After he left, someone behind the counter called the number of an order. It sounded very close to ours and Midyan jumped forward with our ticket. But I said the numbers don’t exactly match. They had called out something like 339 and we were something like 933. I said, “No, Midyan, we have to wait for about 600 more.” But with no takers, they started calling out the contents: “Big Mac, extra meat, pickle, fish sandwich, ice coffee ...”

It was our order. We walked to the car and hoped the man who had received a refund did not see us. He was standing outside his car.

We had only waited about 20 minutes.

Obviously, McDonald’s will get things figured out and service will become more consistent. In the best of all fast-food worlds, increased automation would mean that both service and pay are improved.

As a side note, I heard second-hand that during the pandemic one local fast-food place is making more money offering only drive-through service.

Later that night, we walked down to the East Noble football game to see how things were going. A large and roaring crowd packed the home and away bleachers and stood all along the exterior of the fencing.

We didn’t stay too long, but we did see something that was new to Midyan: A man seated in a lawn chair on the roof of his pickup truck watching the game.

“Cheapest ticket, best seat!” Midyan commented.

From high tech to low tech, from food to fun, innovation is everywhere ... occasionally resulting in cheapest and best.


After I wrote this column I went to the archives at to find out more about McDonald’s new facility.

Here are a few highlights from the April 28 article by KPC executive editor Steve Garbacz.

Kendallville McDonalds will get modern update

• The Kendallville McDonald’s location is one of about 5% of stores nationally that is owned by the global corporation, and is part of a regional operations group under the management of Brian Hedrick, U.S. McOpCo operations manager. Hedrick oversees 37 McDonald’s restaurants including Kendallville, Auburn and Columbia City, as well as some stores around Lafayette, Indianapolis and down into Louisville, Kentucky.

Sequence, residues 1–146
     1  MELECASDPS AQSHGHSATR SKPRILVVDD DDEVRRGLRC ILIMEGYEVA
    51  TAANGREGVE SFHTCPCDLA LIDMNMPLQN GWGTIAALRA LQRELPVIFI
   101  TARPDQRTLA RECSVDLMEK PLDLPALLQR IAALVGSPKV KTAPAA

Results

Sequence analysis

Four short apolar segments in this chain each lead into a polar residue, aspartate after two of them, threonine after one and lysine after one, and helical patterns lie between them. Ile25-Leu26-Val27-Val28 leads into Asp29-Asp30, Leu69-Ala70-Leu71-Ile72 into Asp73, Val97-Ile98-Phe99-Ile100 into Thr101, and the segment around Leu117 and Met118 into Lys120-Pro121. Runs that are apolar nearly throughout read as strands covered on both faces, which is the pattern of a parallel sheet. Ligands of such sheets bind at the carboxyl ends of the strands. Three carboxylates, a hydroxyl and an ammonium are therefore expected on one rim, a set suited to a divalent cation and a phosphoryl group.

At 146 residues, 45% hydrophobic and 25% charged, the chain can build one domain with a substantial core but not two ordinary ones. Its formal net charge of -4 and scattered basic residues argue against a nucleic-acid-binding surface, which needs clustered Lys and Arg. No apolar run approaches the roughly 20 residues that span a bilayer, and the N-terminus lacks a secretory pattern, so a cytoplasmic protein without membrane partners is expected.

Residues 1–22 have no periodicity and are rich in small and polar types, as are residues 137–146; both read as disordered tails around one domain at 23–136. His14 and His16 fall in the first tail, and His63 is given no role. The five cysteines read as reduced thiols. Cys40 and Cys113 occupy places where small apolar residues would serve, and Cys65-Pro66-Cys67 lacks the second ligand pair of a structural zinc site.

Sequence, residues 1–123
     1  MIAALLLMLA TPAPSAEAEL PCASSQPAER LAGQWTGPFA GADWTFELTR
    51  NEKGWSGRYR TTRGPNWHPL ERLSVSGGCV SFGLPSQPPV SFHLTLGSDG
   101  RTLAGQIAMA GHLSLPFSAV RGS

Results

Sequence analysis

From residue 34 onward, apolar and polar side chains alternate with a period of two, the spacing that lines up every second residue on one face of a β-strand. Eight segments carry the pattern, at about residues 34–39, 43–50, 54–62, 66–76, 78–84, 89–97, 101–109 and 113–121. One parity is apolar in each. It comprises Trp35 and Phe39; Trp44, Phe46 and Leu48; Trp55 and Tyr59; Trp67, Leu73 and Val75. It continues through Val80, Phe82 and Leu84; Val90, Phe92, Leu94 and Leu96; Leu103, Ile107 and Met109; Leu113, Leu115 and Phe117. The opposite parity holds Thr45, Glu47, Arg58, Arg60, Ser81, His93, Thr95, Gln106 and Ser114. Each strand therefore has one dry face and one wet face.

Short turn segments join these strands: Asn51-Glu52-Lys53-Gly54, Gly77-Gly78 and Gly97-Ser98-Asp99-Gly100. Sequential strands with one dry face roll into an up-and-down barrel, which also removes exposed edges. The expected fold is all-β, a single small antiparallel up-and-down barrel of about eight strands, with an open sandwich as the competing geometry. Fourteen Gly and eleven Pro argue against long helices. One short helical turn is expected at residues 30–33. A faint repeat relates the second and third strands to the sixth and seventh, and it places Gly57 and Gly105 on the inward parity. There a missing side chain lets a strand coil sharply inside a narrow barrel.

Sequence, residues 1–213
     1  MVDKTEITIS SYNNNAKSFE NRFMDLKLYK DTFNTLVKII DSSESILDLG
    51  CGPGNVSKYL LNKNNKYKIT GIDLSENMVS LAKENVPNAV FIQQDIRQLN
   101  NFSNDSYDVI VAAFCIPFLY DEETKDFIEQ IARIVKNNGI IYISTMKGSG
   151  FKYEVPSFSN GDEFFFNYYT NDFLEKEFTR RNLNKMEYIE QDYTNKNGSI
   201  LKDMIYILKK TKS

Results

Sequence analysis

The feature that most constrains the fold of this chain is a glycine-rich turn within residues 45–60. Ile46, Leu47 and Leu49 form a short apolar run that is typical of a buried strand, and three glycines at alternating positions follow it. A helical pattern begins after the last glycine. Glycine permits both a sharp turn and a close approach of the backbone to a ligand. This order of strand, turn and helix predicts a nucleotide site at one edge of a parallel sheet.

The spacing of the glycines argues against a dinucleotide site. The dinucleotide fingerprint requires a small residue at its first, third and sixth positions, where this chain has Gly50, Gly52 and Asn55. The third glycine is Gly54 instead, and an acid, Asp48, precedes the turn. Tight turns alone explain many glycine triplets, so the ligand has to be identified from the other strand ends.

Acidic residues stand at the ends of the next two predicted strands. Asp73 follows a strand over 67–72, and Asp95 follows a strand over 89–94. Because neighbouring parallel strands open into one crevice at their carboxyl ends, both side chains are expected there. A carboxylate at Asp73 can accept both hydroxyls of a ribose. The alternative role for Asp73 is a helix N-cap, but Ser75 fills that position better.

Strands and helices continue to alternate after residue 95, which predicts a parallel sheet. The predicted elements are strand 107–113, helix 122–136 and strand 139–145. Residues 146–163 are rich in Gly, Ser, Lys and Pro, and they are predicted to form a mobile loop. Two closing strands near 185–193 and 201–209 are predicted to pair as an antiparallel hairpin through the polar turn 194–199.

• Most McDonald’s are owned and operated by individual franchisees — the Avilla location at S.R. 3 and Albion Road is one such store.

• The rebuild was delayed more than a year because of the pandemic.

• The modern updates “will go beyond just aesthetics.”

• “The restaurant will still have its standard counter and cashier for those who want a more traditional ordering process, but the restaurant will also have a dedicated curbside pickup location and a delivery window for pick-up orders for services like DoorDash or Uber Eats ...” (Not yet available in Kendallville.)

• Hedrick said one of the main goals of the upgrade is to boost efficiency and speed (for the) “fast” in fast food.

• “Hedrick said people have the misconception that automated kiosks replace workers who might otherwise take an order at the counter, but in reality the order boards help McDonald’s relocate that staff to other positions in the kitchen, working drive-through or serving curbside customers.”

• “Having more people in back cooking, assembling and filling orders should boost production at the restaurant.”

• 90% of the business is drive-through.

• “Ideally, Hedrick said he’d like to have around 90 people employed at the restaurant; it was running with around 40 employees previously. Like all local businesses, finding workers has been an ongoing challenge.”


Midyan says the McDonald’s food here tastes almost the same as in Jordan. But in Jordan, McDonald’s has no bacon.

Grace Housholder is a columnist and editorial writer for this newspaper. Contact her at